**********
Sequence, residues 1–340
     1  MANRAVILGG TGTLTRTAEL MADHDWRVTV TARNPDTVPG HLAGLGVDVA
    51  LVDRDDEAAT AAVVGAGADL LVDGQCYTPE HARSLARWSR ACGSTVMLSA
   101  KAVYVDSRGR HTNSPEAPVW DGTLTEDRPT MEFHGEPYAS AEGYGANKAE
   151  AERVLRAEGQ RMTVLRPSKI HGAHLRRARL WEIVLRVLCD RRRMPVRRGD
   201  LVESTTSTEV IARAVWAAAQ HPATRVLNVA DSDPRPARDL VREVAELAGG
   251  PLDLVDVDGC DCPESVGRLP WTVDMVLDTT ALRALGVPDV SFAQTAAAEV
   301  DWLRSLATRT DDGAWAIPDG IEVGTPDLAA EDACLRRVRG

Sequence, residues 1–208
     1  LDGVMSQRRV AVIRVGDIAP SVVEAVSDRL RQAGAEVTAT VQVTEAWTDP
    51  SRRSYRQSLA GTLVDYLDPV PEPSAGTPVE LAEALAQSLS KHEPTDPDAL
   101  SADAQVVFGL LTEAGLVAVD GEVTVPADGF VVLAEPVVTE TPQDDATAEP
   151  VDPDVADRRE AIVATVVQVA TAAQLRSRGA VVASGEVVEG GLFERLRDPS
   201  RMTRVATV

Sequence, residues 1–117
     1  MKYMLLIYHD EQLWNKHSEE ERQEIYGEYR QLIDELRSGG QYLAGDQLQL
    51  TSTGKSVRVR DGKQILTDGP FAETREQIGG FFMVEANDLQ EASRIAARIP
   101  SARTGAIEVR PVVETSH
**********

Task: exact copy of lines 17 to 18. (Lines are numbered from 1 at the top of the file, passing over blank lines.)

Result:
    51  TSTGKSVRVR DGKQILTDGP FAETREQIGG FFMVEANDLQ EASRIAARIP
   101  SARTGAIEVR PVVETSH